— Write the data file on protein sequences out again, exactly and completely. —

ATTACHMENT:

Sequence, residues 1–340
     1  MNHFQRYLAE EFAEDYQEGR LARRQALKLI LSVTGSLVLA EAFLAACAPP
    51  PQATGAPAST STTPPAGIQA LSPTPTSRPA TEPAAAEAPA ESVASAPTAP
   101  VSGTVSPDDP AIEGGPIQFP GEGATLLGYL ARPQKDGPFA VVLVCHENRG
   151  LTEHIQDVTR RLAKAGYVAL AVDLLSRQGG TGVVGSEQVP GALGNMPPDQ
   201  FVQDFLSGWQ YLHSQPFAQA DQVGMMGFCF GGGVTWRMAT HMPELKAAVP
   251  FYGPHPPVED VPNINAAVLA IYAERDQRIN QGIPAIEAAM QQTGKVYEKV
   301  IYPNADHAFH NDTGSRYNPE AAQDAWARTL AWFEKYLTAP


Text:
Sequence, residues 1–340
     1  MNHFQRYLAE EFAEDYQEGR LARRQALKLI LSVTGSLVLA EAFLAACAPP
    51  PQATGAPAST STTPPAGIQA LSPTPTSRPA TEPAAAEAPA ESVASAPTAP
   101  VSGTVSPDDP AIEGGPIQFP GEGATLLGYL ARPQKDGPFA VVLVCHENRG
   151  LTEHIQDVTR RLAKAGYVAL AVDLLSRQGG TGVVGSEQVP GALGNMPPDQ
   201  FVQDFLSGWQ YLHSQPFAQA DQVGMMGFCF GGGVTWRMAT HMPELKAAVP
   251  FYGPHPPVED VPNINAAVLA IYAERDQRIN QGIPAIEAAM QQTGKVYEKV
   301  IYPNADHAFH NDTGSRYNPE AAQDAWARTL AWFEKYLTAP